As I mentioned earlier, I’m working on an untitled novel—another historical thriller, with a supernatural twist—about H.G. Wells and the First World War. In fact, now that I’ve finished this marvelous questionnaire, I have no excuse for procrastinating any longer and have to get back to it. I expect to emerge, blinking at the sunlight, with a finished manuscript sometime next fall. (If only I could figure out how to write a book without spending so much time alone at my desk. If anyone knows the answer to that, text me!)

Masello, Robert, 1952-

The second book this year to speculate about Bram Stoker’s inspiration for Dracula is The Night Crossing by Robert Masello. In The Night Crossing, Masello weaves a marvelous alternate history that blends historic people and events with the fantastic. He masterfully uses the Egyptomania that was sweeping London during the late 1800s to marvelous effect, drawing fascinating connections between Egypt, London and Eastern Europe that result in an exciting, and sometimes harrowing, adventure for Stoker and a young female Archaeologist. The result is a rollicking adventure, filled with great characters and events that push just to the limit of believability. It is a page-turning novel that readers will want to believe happened—even when they know that what they are reading did not actually occur.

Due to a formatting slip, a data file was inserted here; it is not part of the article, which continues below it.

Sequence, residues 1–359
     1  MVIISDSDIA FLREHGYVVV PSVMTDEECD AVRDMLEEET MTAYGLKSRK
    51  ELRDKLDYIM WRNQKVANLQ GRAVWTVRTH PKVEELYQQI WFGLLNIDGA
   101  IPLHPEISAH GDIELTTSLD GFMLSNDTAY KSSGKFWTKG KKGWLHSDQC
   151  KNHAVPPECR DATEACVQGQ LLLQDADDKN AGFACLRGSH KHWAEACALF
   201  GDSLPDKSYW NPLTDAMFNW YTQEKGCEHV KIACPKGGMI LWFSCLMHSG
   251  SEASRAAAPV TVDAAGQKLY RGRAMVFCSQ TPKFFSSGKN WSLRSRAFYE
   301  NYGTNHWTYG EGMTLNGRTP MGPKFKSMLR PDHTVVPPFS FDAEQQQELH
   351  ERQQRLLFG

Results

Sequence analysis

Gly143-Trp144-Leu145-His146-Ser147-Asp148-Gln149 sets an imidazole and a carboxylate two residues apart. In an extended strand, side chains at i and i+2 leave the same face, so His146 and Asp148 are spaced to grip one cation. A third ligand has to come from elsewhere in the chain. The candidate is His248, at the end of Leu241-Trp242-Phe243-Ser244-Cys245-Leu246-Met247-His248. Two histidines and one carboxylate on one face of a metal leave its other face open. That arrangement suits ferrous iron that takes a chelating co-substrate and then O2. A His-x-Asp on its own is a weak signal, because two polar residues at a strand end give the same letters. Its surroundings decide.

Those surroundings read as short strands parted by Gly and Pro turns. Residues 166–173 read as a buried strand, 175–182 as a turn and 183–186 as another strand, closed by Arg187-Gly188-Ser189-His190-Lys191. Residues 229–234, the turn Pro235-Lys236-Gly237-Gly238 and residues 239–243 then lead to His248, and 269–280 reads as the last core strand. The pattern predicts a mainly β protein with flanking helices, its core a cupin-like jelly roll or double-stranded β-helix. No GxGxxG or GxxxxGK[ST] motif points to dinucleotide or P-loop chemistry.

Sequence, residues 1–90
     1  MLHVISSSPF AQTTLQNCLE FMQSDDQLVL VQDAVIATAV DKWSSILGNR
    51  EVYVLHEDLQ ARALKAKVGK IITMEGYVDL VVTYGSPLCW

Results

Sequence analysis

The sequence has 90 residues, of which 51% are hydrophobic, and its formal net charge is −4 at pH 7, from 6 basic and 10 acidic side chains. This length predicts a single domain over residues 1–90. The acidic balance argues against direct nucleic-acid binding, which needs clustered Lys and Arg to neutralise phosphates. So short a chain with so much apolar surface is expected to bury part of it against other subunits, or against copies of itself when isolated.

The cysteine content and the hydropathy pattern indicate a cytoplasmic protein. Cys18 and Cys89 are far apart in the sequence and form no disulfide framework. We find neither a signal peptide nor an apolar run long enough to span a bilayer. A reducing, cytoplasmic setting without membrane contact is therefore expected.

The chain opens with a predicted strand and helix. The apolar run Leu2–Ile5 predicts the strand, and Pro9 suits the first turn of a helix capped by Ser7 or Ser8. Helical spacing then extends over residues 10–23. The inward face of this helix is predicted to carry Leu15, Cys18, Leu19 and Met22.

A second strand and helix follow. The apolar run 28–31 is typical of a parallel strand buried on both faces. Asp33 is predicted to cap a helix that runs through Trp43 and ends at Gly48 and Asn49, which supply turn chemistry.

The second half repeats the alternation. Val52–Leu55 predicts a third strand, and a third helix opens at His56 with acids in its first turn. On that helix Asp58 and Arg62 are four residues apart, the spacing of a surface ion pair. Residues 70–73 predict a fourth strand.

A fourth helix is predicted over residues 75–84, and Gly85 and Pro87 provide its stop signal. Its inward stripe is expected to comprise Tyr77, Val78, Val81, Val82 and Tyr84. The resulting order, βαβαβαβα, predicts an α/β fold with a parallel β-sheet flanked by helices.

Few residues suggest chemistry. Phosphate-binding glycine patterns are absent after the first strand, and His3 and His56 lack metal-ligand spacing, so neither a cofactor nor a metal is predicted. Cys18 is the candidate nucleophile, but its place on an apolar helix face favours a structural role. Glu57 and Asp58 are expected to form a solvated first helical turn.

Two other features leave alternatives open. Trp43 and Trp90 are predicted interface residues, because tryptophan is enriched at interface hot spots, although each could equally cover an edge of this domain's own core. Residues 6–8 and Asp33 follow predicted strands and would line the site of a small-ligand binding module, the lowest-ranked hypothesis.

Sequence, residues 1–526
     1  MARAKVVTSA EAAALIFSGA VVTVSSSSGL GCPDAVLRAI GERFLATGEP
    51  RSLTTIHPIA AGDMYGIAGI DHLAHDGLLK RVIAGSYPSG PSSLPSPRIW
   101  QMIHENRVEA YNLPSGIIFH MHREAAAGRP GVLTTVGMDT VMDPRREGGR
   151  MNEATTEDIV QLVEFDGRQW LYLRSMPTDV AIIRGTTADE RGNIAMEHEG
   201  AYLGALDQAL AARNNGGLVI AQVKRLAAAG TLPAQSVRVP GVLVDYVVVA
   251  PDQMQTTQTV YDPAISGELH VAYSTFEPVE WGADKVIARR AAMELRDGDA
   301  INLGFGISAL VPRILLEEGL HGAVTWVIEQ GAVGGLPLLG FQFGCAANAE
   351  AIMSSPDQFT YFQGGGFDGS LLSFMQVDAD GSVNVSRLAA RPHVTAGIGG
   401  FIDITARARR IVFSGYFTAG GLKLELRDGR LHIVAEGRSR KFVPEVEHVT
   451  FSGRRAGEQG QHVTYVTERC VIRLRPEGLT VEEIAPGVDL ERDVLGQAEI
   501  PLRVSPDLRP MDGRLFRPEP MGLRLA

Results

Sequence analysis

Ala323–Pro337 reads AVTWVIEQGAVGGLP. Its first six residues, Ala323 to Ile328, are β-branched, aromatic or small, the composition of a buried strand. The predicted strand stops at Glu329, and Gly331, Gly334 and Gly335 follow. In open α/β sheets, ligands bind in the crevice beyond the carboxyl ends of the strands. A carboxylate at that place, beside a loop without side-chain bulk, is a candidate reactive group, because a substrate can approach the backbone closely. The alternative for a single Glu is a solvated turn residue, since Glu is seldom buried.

So, we have The Night Crossing, a wonderful historic adventure novel with supernatural thrills and/or Dracul, a classic gothic horror novel with its feet firmly planted in the “native soil” of the macabre. Both novels are brilliant! Pick one and dive in! Or, better yet, read them both and see how a similar idea can be developed so differently by gifted authors.